This is the latest in a flurry of acquisitions for Epic, which has been quite acquisitive over the past several years. A non-exhaustive list of the company’s recent acquisitions includes:
Tonic Games Group (maker of Fall Guys)
Psyonix (maker of Rocket League)
3Lateral, Cubic Motion, and Quixel (contributed to development of Epic’s MetaHuman Creator)
SuperAwesome (a platform that gives developers tools to create safer digital experiences for younger audiences)
So, what exactly is Epic building towards? We know that CEO Tim Sweeney is outspoken about Epic’s desire to play a large role in building the metaverse. And we know that in order for that vision to come true there’s an insane amount of work to be done regarding interoperable infrastructure, enhanced developer tools, consumer access points, content, and more. Epic can’t do it all — the entire world will play a role in what the metaverse ultimately becomes — but Epic’s emerging ecosystem can certainly play a foundational role.
Let’s begin with content. Epic’s 350+ million registered Fortnite users is a great start, and a game (increasingly platform) like Fortnite can serve as a testing ground and gateway to some of the company’s broader ambitions. Plus, adding popular content and talented developers through the acquisitions of Tonic Games and Psyonix — not to mention other developer-friendly publishing deals — allows the company to expand its consumer audience and give them more reason to go to the Epic Games Store. It takes heavy investment to maintain storefront relevance, especially with low take rates and ongoing exclusives, but it makes sense why Epic would want a creator-friendly central hub that connects developers with consumers.
Furthermore, Epic’s Unreal Engine is the centrepiece of Epic’s entire strategy. Acquiring technology — such as 3 Lateral and Cubic Motion — helps third party developers better create virtual content more quickly and in a more realistic way (and can even get take-rate discounts when sold on the Epic Games Store). This helps Epic gain developer market share and differentiate from well-funded competitors (like Unity) plus developers who use their own proprietary platforms. Adjacent platforms and tools like SuperAwesome, Manticore (a UGC platform Epic has invested in), and Epic’s own Epic Online Services (which enables cross-play and access to Epic’s social graph) also show how its development efforts are widening both in scope and potential impact. A mix of acquisitions, investments, and internal reinvestment help turbocharge Epic’s wide-ranging efforts here.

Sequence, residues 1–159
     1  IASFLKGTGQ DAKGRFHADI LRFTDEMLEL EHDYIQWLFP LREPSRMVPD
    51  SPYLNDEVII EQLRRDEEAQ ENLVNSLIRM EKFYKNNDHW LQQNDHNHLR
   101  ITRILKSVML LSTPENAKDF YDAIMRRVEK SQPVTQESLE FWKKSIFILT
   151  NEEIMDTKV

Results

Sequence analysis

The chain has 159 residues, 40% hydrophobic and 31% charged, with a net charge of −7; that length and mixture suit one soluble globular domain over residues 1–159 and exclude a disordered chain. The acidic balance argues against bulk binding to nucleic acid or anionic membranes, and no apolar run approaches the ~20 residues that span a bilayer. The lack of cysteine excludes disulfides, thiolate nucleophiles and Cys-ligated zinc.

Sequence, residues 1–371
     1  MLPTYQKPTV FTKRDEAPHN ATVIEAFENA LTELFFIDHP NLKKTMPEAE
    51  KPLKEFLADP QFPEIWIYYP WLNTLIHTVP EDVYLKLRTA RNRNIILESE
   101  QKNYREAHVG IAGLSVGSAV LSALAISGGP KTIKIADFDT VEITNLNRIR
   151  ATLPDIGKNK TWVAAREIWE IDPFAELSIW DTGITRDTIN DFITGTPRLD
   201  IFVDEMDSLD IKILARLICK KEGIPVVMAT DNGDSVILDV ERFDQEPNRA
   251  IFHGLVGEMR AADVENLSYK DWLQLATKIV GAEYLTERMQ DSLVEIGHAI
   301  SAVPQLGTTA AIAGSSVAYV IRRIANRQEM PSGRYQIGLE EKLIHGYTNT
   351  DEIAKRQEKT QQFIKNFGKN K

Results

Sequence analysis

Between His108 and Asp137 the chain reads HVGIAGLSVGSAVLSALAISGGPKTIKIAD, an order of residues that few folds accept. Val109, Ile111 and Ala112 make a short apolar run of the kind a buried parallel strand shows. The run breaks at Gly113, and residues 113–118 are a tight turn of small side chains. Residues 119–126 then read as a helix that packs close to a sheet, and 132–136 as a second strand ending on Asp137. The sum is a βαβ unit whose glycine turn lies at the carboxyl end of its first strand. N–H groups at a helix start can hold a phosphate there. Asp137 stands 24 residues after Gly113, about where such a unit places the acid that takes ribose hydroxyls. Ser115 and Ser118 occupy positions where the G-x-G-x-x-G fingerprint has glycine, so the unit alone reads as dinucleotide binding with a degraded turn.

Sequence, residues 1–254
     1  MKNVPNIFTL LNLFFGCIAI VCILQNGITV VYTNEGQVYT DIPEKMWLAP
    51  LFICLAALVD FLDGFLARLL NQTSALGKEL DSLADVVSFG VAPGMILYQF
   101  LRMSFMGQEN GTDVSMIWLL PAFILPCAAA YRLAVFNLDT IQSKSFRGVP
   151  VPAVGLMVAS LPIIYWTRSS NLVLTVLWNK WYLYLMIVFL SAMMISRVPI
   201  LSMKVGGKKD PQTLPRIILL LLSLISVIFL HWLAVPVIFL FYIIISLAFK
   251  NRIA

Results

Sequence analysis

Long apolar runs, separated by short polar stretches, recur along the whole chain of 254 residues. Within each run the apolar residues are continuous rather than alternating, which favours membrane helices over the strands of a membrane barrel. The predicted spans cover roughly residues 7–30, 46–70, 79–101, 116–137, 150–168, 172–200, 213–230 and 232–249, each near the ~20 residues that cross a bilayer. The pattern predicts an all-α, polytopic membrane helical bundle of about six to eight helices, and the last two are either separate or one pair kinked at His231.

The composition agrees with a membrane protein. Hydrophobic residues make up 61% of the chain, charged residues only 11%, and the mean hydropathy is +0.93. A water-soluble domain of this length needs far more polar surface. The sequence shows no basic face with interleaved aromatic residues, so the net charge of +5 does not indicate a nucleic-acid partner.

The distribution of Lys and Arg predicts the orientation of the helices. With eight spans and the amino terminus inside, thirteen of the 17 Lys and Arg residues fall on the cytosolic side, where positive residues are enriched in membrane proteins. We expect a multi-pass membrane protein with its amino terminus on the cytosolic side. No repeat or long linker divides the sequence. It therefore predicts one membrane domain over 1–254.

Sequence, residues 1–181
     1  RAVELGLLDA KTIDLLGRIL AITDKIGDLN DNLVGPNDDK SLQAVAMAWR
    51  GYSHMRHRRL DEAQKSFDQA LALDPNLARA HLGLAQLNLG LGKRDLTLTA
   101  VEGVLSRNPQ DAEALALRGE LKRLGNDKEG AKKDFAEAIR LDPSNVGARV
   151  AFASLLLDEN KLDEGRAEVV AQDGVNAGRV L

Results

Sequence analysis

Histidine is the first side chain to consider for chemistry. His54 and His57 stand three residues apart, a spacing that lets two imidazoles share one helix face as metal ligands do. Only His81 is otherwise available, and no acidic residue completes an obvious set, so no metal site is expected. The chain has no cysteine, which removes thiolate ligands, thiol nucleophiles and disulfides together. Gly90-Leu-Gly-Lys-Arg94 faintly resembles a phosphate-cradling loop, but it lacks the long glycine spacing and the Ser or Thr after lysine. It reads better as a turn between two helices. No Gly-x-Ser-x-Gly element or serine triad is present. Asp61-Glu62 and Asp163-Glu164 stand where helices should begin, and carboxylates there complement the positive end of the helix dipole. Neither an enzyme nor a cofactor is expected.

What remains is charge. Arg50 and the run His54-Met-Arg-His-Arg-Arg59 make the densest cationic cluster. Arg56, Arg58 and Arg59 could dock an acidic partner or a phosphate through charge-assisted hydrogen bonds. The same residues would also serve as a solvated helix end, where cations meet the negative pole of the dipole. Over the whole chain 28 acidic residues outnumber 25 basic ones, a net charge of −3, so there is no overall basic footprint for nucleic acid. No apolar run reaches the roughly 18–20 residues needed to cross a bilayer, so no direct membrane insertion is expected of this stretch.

Of course, there are always challenges when chasing lofty goals, and, ultimately, the path to building the metaverse remains unclear. However, it is no secret that Tim Sweeney is captaining the Epic Games ship in a direction that should expand the market for creators in digital worlds. With the acquisition of Capturing Reality and others, Epic adds to its growing list of technology and content that will keep the company as a frontrunner to developing the immersive internet of the future. (written by Jimmy Stone)
#4: The Rise of VTubers
Creator Kizuna AI’s first YouTube video in late 2016 remains iconic. She introduces herself using a term that was peculiar and unknown at the time, but has now become a new category of creator - the “Virtual YouTuber.” This video became, as one of the commenters put it, the moment when “the virtual legend from Japan (was) born”. And as motion tracking software and face detection technology have become increasingly accessible, more creators began popping up - not with their own faces on camera, but projecting themselves onto an avatar. Today, such creators are more commonly known as “VTubers” and the world’s a stage.
VTubers come from a primarily Japanese subculture of YouTubers and live streamers who use anime-inspired avatar designs instead of their real faces. According to Google Trends, it appears that the first inflection point for VTubers occurred in January 2018. However, what’s even more interesting is that the timing of this inflection is connected with Kizuna AI’s (キズナアイ) success as the widely acknowledged first ever VTuber. Since 2018 the number of VTubers entering the market has rapidly grown, and the trend is traveling fast to the West.
In Q1 2020, UserLocal reported that the number of Japanese VTubers crossed 8,000. It’s safe to assume that this number is now well beyond 10k with new VTubers emerging all over the world. Even notable creators like PewDiePie and Pokimane have started dabbling with VTubers. The VTuber trend was also recognised as a key trend in YouTube’s 2020 Culture and Trends report, with VTuber views growing to over 1.5B views per month by October 2020. Further, a November 2020 online survey of ~17k individuals aged 18-44 across USA, Europe, and South America noted that 47% of them are open to watching content from creators or characters who are fictional or virtual.
VTuber content started out as short, simple videos using a webcam and basic face tracking software, but it continues to evolve in sophistication. While slightly out of the VTuber realm, at the most sophisticated level is high production value virtual entertainer/influencer content, which requires full body motion rigs, high accuracy face tracking technology, best in class CGI software, and deep production know-how, amongst many other things. This helps pull off experiences like live virtual events, music videos, or even still photos for social media. Even though virtual influencers have almost 3x the engagement of their human counterparts and their business models mirror that of today’s influencer space, I (Manyu, here) generally feel there is a novelty effect attached to many of them. There will likely only be a few successful names due to an imbalance between content creation costs and publishing frequency required to sustain large fan bases over long periods of time.